[rfc-i] Fwd: New Version Notification for draft-flanagan-plaintext-00.txt
wesley.george at twcable.com
Tue Jun 24 14:37:08 PDT 2014
On 6/24/14, 3:29 PM, "Dave Crocker" <dhc at dcrocker.net> wrote:
> The document essentially
>makes ascii art of questionable utility.
WG] No, that happened as soon as something better was widely available,
many, many years ago. This is just admitting that such newfangled
technology exists and pretty much works. ;-)
>You did not see me say that page numbers should be retained. Rather,
>I'm noted the concern about 'direct' access that was cited elsewhere and
>I've suggest it get attention.
WG] I think that's the accurate point. It should NOT be a primary goal
that page numbers or indeed pagination be retained. It should be a primary
goal that there be useful anchors that are visible in multiple display
formats such that they identify the same location in the document's text
regardless of the method used to render it. It should be a primary goal to
identify how granular those anchors should be and how they should interact
with sections and subsections to allow readers and reviewers to reference
a given area of the text of the document.
>We need to be much more clear about the reason for doing graphics art.
>If it is for prettiness, then we shouldn't make the switch. There is no
>evidence that what we've done using ASCII art has not been sufficient,
WG] You're dramatically oversimplifying things. The process required to
get useful ASCII art that meets the formatting requirements breaks the
workflow most people use to author modern documents that can support
vector graphics. Even when using a tool to do so, generating ASCII art
diagrams wastes a lot of time creating output that is mediocre at best at
the task of conveying the visual information it's trying to convey, in
order to meet limitations that are not and have not been due to the limits
of technology for ~2 decades. Do our ASCII diagrams convey the point their
authors intended? Mostly, but that's a pretty low bar. I don't know what
you're looking for in terms of evidence that ASCII isn't sufficient, so
here's some anecdotal evidence: Because I'm used to looking at modern
graphics, it takes me consistently longer to parse an ASCII graphic than a
Visio-style graphic. This is because ASCII is, and always has been, a
second-rate substitute for an actual drawing, selected because vector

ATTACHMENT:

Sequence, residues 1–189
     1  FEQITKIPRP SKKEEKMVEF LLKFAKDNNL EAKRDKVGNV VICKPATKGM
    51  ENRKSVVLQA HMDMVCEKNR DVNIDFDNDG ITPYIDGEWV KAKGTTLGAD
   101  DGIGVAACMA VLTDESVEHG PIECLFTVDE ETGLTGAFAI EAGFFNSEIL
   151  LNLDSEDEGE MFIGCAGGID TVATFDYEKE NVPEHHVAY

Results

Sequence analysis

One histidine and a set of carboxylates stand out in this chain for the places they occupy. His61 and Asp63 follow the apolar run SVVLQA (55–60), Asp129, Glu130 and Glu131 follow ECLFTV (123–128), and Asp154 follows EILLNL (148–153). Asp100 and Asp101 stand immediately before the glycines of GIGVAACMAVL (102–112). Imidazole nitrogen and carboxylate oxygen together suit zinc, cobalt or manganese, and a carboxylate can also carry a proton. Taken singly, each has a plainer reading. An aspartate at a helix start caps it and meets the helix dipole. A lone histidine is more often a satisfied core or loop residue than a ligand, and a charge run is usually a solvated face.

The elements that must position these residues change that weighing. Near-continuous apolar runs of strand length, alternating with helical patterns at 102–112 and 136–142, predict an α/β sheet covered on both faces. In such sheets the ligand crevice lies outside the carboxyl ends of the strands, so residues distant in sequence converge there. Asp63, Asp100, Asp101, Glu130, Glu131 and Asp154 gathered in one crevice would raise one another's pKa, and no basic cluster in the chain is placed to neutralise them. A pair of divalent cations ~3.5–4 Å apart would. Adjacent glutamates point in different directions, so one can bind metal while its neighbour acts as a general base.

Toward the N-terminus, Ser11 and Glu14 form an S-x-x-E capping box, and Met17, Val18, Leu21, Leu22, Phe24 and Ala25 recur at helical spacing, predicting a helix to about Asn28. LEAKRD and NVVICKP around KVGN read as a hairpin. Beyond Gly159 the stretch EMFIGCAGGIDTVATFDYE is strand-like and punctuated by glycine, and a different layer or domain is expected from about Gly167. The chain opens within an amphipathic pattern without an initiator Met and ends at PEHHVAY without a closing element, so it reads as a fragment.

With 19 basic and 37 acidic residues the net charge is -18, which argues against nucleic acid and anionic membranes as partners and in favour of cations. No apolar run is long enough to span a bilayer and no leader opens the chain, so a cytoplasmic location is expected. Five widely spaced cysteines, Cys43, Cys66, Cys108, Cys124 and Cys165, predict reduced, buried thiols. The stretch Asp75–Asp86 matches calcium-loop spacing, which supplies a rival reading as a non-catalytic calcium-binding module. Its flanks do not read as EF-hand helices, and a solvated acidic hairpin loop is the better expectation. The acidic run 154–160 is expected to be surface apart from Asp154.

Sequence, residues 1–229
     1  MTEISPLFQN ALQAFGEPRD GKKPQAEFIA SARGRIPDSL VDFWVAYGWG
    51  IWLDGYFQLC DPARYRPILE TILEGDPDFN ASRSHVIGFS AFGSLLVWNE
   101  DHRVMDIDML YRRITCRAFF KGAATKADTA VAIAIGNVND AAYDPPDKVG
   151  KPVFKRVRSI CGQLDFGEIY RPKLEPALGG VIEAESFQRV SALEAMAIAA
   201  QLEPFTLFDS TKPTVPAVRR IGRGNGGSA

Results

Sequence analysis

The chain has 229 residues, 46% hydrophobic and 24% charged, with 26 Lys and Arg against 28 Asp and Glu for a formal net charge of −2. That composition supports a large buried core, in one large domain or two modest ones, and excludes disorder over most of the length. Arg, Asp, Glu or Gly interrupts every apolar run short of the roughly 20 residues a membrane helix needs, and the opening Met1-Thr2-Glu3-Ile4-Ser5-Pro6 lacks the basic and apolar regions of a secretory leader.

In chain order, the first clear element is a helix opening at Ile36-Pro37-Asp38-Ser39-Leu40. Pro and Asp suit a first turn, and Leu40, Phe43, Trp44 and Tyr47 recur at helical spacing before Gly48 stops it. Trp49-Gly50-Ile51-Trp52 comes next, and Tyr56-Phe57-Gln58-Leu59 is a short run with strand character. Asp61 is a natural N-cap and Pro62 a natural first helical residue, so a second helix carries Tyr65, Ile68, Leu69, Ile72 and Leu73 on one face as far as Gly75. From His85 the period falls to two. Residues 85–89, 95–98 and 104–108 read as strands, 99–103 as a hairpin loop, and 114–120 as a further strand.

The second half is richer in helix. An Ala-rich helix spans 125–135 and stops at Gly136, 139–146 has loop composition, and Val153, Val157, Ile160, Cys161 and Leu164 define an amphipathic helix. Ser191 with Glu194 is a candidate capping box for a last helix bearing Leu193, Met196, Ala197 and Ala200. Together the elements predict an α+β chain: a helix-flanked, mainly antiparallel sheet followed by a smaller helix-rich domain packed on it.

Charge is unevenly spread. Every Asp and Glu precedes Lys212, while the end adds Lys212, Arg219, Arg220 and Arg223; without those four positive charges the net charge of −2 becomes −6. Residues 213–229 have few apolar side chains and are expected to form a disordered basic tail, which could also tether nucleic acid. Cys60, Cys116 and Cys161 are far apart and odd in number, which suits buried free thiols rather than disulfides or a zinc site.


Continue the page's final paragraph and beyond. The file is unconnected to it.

graphics were not consistently supported on some rendering platforms long
ago. Now that limitation is purely arbitrary and self-imposed, and it
needs to go away. I have fond memories from when I was 8 years old of
ASCII art Peanuts calendars printed out on green-bar fan-fold paper via a
daisy-wheel printer, but I'd rather have the full-color, 1000dpi Dilbert
calendar sitting on my desk, because it's much easier to read, even at 1/4
>and we /do/ know it always can be displayed.
WG] No, actually we have multiple existence proofs of devices that can't
display ASCII art properly because they don't support enough fixed-width
horizontal characters per line at the right font size, but do just fine
with an inline vector graphic accompanying a volume of plain text
(E-readers, for example). That's exactly the sort of thing we're trying to
The other consideration that comes to mind is whether ASCII art is any
more useful than a graphic at conveying information for those who use a
screen reader. I can't see ASCII art being any more valuable than a
graphic as the screen reader says "asterisk asterisk greater than less
than emdash emdash period period open bracket" but I'm not visually
impaired, so I can't really assume anything there. I think where we left
this debate was that it was impossible to have a normative graphic because
there was no way to make it usable for a visually impaired person, and
thus the text had to be normative with the graphic as an embellishment.
That said, it should be simple to toggle the "text only" version so that
it shows the graphics such that they print inline when one goes to read or
print the document or it instead shows the URIs to the graphics in order
to produce a lightweight, mostly text version as well as a true text-only
version, but I think that requiring the ASCII art alternative is catering
to a small (albeit vocal) minority that made a *choice* to consume this
info in a format that "can't support" anything but ASCII.
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